Good grief! Miss Grant's hair had more time spent on it than The Doctor's bouffant!

Audio


Being all from video copies, there wasn’t going to be much in the way of a problem on the sound front, and it’s not a surprise to report that the sound is as it should be.

Extras


Audio Commentary: This features cast members John Levene and Susan Penhaligon, along with late producer Barry Letts and production assistant Marion McDougall. TV writers Phil Ford, Joe Lidster, James Moran and Graham Duff also contribute and the group episodes are moderated by stand-up comedian Toby Hadoke. Letts and McDougall appear on episodes one and five, Levene gets solo tracks (as usual) for episodes two and four, Ford, Lidster, Moran and Duff pop up (with Hadoke moderating) for episode three. Penhaligon joins Letts and McDougall for episode five. Got all that? OK. There is a nice feeling throughout the track, which you tend to get more with the older stories, as with age comes sentimentality and less need to snipe. The age old criticism of ‘wobbly sets’ is brought up during the running time, particularly irritating Barry Letts, who points out: ‘…that was Crossroads!’ Penhaligon relates the details of her losing out to Elizabeth Sladen in the companion stakes. Levene is very easy to listen to, and is always full in amusing tales from the production—especially nice is him revealing the method Pertwee used give his character fluid movement.

Nick Courtney and his stick-on earwig
Between Now…and Now!: This is one of the lesser efforts from 2Entertain, but this is probably a reflection of the general opinion of the story itself, so they didn’t feel the urge to inject that much energy. It’s all framed around the musings of Professor Jim Al Khalli (Physics, University of Surrey) of the science featured in The Time Monster and its basis in reality. Robert Sloman’s fanciful writings come off a poor second, but our man with the title goes out of his way to explain away some of the more plausible examples of pseudo-science. In between all of this are welcome contributions from Richard Franklin, Barry Letts and a rather surprised-looking Katie Manning. Letts imparts that the theory of interstitial time comes from Buddhist philosophy, and makes the notion in the story seem much more level-headed than it comes across without the back story. Letts is quite charming, with his softy-spoken intelligence making him easy to listen to, without the glib manner others favour. Manning is equally engaging, with a nice attitude towards the show and life in general, and not the ditzy figure she has been seen as in the past. There is little real information about the filming of the show, but it’s all nicely presented, all the same.

Photo Gallery: Set to atmospheric music from the show, there are some beautiful stills and behind-the-scenes picture to be found here, coming in both colour and black and white.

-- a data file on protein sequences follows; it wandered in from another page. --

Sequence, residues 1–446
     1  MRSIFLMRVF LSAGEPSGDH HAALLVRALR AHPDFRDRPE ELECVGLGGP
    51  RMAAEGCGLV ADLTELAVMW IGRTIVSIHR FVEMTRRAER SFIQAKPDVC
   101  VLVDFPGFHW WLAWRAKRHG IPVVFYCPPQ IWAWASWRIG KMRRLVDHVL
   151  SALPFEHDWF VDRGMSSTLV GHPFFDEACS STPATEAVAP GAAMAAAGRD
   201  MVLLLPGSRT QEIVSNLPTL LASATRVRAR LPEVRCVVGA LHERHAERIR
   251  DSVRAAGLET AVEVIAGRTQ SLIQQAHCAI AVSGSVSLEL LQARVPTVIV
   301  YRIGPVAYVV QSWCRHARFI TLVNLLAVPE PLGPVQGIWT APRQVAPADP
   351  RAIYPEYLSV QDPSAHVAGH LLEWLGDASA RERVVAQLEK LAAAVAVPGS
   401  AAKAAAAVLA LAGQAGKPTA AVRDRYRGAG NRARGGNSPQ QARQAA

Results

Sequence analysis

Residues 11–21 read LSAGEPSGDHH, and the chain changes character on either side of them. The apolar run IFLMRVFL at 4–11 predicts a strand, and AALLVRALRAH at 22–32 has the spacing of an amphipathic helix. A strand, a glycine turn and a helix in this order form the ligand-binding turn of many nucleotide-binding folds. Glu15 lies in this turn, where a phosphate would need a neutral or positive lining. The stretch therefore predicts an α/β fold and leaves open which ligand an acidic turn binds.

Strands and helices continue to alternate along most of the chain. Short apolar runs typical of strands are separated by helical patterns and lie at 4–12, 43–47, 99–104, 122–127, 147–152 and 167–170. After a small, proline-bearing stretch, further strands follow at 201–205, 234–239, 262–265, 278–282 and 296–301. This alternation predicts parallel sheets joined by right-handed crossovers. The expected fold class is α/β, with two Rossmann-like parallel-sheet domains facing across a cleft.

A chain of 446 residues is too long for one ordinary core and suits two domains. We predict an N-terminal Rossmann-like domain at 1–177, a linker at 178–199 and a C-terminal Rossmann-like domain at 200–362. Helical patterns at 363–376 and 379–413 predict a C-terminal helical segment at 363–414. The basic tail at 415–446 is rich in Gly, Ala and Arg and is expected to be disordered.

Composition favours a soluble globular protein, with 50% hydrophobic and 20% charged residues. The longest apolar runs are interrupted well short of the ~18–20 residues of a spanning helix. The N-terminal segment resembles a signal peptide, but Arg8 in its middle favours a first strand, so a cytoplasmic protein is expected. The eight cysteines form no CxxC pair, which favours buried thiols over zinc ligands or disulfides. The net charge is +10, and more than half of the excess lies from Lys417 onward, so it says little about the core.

Info Text: Another sterling information track is to be found, and is nice contrast of trivia and humour. One of our favourite details has to be the mysterious disappearance of Ingrid Pitt’s cat, quickly being shoved out the door through scratching Pitt and hissing at Delgado and generally disrupting a key scene. With not being credited for our stint on Shaun of the Dead, we are very appreciative of the trivia track going out of its’ way to mention all of those who didn’t make the roster of names at the end.

Restoration Comparison: These are always welcome, and this is no exception. Two sequences—representing the differing state of materials used—are played over and over to display their gradual improvement through the Restoration Team’s processes. It really helps you appreciate just what these guys do.

PDF Materials: If you stick this into your PC or laptop, you will be able to access all six Radio Times listings the episodes—a nice little feature is that with each episode listing, there is a small drawn image to accompany it. Cute.

Coming Soon: Yeah, it’s Creature from the Pit. You can make a decent trailer out of anything, these days.

The novelisation from the proud recipient of the Criminally Underrated National Treasure award

Overall


The Time Monster is one of the ultimate ‘stick your brain in neutral’ Doctor Who stories, a tale so flamboyant and light-hearted that it teeters on the edge of parody like a depressed teenager at Beachy Head. We didn’t even mention how the Doctor’s ‘Tardis-sniffer-outer’ looks like a penis and two testicles—surely inviting derision that the concept is a load of old cock. Still, the restoration work is excellent, Delgado is wonderful, it’s a lot of fun and is a perfect addition to the Myths and Legends box set.